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A letter to Gary Gensler on PoS

A letter from David Beberman (Prasaga CTO) to Gary Gensler, on Proof of Stake

Chair Gary Gensler,
Commissioner Hester M. Peirce,
Commissioner Caroline A. Crenshaw,
Commissioner Mark T. Uyeda,
Commissioner Jaime Lizárraga

David Beberman

Dear Commissioners,

As a developer of new, “ground up”, blockchain technology I have concerns about the recent announcement. I read the recent statement that the SEC is considering all Proof-of-Stake coins as securities. I understand the concern about the scams in the crypto market, particularly the pump & dumps that happen regularly. However, from the limited information I have from the SEC, I’m concerned that the decision is overly broad and will prevent legitimate designs and implementations for blockchain and crypto technology unnecessarily.

Here is a proposal to separate out various forms of Proof-of-Stake to allow forms that seem to be securities and need regulation from those that are the digital equivalent of your own money.

In general, Proof-of-Stake means that a user has deposited the coin of the specific blockchain in an account specifically to operate a node on the blockchain. The intent is for the node operator to have some “skin in the game” so that they are disincentivized to act maliciously. In the general form, the coin is locked up, but remains under the control of the depositor. In some designs the account is completely owned by the depositor, with no other user access. While the stake is deposited, the node is operational, and the depositor may earn additional coin through transaction fees and minting (aka mining). This isn’t much different than any sole proprietor – from owning a “lemonade stand” on up.

This explicitly is not a two-sided transaction. That is, there is no one else on the other side of the staking deposit. This is not a stock purchase, a stock trade, an exchange of currency, as it is currently understood. It is strictly an operational piece of the blockchain. In this specific operational mode, it does not seem to be a security, even in the context of the Howey test. There was no sale. There is no exchange of property. There isn’t even an explicit statement of individual earnings of new coin. It is a lot more like going to an arcade (if they still have them), exchanging dollars for token coins, and then operating the machines with the token coins. Extending the comparison, in arcades it is common that you can’t turn the tokens back in for dollars, while in this type of staking, you can get your coins back. Implementations may have a delayed lockup release period which is another disincentive to for malicious actors, but that is not under the control of any other person or entity.

This is an important piece of technology because it enables certain improvements for performance and securing blockchains. Blocking this unnecessarily will block new legitimate technology.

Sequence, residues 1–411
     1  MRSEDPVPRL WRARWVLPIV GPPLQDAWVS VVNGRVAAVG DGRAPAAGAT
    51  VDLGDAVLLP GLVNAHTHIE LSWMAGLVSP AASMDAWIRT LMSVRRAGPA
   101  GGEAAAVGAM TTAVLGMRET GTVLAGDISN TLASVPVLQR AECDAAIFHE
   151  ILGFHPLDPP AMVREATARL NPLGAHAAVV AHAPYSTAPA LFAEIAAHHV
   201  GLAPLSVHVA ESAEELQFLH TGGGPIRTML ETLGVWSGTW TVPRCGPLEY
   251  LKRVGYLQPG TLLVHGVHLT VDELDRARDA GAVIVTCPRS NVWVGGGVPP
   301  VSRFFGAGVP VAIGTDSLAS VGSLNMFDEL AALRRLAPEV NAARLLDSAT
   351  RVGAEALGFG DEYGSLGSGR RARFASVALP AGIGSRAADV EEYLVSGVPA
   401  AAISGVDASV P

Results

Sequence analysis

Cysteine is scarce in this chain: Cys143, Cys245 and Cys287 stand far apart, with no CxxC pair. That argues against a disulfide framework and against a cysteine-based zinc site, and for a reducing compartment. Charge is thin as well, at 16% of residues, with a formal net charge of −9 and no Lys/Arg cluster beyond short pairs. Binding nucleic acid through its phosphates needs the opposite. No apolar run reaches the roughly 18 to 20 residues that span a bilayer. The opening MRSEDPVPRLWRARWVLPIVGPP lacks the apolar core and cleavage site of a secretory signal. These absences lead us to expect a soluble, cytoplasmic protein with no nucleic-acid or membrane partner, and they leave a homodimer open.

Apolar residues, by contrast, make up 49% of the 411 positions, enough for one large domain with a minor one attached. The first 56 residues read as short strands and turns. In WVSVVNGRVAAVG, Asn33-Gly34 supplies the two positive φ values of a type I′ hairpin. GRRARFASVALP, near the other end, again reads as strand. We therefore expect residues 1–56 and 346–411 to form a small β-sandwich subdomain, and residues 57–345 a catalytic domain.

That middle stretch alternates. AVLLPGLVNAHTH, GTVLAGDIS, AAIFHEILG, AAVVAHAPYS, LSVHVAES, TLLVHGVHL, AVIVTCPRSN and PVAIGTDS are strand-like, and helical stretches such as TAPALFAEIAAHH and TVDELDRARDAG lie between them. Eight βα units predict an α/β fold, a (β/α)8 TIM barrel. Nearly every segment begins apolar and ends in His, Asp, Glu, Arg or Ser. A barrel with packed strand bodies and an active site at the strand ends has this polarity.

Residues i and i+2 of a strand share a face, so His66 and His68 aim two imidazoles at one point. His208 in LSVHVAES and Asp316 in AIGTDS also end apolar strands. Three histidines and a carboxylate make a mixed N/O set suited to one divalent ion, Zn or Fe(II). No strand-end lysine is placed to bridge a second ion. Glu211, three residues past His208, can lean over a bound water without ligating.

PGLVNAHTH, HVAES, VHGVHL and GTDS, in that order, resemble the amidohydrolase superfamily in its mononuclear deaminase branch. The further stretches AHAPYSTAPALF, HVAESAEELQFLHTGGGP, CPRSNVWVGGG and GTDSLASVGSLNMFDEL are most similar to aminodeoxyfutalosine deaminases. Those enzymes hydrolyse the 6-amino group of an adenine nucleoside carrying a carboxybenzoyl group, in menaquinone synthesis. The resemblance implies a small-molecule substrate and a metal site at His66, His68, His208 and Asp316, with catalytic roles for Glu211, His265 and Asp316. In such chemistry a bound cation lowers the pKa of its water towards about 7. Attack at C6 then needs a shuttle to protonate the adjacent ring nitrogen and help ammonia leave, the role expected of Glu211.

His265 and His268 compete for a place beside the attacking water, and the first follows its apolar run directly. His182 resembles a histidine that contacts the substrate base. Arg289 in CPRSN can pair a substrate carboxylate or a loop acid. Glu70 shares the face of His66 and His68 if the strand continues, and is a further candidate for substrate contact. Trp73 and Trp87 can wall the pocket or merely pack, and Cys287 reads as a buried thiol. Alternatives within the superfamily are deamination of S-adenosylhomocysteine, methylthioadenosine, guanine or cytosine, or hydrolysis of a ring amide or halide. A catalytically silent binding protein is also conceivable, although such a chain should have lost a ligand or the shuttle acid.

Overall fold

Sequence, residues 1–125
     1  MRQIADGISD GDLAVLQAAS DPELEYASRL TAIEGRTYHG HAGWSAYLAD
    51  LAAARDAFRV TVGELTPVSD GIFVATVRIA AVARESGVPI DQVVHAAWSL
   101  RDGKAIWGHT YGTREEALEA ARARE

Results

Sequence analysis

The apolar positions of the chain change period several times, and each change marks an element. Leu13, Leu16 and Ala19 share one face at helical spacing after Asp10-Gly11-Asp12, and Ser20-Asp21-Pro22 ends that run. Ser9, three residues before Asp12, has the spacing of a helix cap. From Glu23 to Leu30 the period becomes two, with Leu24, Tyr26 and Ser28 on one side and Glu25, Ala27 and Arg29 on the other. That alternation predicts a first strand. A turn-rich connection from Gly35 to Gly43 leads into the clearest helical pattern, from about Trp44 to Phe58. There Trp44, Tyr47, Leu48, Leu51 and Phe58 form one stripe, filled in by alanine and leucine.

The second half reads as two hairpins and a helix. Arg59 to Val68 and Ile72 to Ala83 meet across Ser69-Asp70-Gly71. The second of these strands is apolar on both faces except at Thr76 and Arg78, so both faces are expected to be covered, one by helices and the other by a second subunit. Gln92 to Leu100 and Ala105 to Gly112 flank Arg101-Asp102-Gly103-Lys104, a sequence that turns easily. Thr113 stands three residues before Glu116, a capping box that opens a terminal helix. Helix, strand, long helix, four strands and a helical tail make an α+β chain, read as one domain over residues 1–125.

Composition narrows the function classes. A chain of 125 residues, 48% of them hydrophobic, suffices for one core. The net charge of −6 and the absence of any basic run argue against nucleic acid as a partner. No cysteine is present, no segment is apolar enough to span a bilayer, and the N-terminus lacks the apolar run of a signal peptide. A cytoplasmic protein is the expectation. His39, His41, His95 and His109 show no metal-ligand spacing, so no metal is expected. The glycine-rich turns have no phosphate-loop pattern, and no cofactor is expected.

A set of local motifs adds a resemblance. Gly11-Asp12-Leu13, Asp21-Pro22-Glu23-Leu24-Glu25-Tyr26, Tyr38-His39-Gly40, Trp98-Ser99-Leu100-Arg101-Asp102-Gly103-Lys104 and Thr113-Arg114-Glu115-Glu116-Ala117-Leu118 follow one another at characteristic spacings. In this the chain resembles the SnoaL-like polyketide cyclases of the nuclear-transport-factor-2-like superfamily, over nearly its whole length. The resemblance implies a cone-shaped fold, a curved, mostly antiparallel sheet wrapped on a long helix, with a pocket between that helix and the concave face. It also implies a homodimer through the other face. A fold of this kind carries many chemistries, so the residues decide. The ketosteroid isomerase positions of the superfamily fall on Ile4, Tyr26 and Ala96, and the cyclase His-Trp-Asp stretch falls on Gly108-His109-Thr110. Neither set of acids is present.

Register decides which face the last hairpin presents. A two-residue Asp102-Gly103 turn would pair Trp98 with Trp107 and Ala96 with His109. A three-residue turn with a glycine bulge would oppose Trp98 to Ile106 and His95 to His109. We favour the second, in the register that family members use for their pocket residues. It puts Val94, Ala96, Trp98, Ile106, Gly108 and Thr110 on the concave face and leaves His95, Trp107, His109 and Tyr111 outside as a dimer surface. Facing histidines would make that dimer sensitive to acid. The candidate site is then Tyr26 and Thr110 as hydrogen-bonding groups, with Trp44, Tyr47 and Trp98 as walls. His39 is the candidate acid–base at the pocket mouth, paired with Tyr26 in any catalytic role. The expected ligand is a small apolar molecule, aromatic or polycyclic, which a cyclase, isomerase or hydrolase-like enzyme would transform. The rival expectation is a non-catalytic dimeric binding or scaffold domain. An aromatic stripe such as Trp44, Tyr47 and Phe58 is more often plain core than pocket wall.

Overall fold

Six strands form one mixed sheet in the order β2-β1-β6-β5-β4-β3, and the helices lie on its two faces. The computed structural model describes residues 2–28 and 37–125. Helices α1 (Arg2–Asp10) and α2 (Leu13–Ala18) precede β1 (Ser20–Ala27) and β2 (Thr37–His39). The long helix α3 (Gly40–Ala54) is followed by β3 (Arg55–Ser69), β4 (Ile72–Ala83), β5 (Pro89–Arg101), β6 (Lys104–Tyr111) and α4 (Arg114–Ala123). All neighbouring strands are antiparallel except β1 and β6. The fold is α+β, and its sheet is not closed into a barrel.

Here is where a distinction can be made, where PoS is used, more closely resembles securities: Delegated Proof of Stake; and Staking Pools. These terms can be thought as roughly the same concept. In these cases, the user’s coins are not being deposited in to their own account, in the same manner as described above. Further, the user is not operating a node on the blockchain. Instead, a 3rd party is operating the node and providing a fraction of the transaction and minted coins to the staking depositors. This seems more like there is someone else on the other side of the deposit transaction. The depositor has a lot less control over their coins. One might consider this something like a variable bond. The earned coin is akin to coupon payments.

There are some Proof-of-Stake models that include something called “stake slashing”. This is intended to be another disincentive to malicious behavior. From the technology viewpoint, it works. But, from the viewpoint of securities risk, this does create risk for the depositor’s coin. Whether this model is used with staking pools or individually, because there is some risk of the initial deposit, this seems like it would act like a stock security, and could be thought of as a non-voting stock.

I would note that there are some technical computer networking and algorithms reasons that the delegated proof-of-stake model is being used. This is not strictly a financial issue.

Given the above statements, I would ask for clarification on proof-of-stake with the following as an acceptable approach that does not imply a security stock, bond, or any other instrument:

  • The coin never leaves the control of the depositing user – meaning it is in an a blockchain account they have the key to.
  • The node being operated is under the control of the user – whether implemented on their own machines or in the cloud.
  • The technology does not include slashing, so the user’s coin deposit is never at risk.

This type of implementation does not seem to be either a stock or bond, and thus is much more strictly a digital coin just as is Bitcoin. In fact one way to think of it, is that the staked node is just a different form of the user’s digital wallet.

If these statements are followed, the staking does not act like a bond or a stock. This enables the positive aspects of staking in terms of disincentives for malicious behavior, increasing the security of the blockchain, without naïve users losing their deposits.

I would also note that following these rules does not preclude a business from building a bond-like, or stock-like offering “layered” on top, where such a business would be covered by existing business regulations.

Will review the full statement from the SEC.

Thank you for your time,

David Beberman
CTO Prasaga
[email protected]


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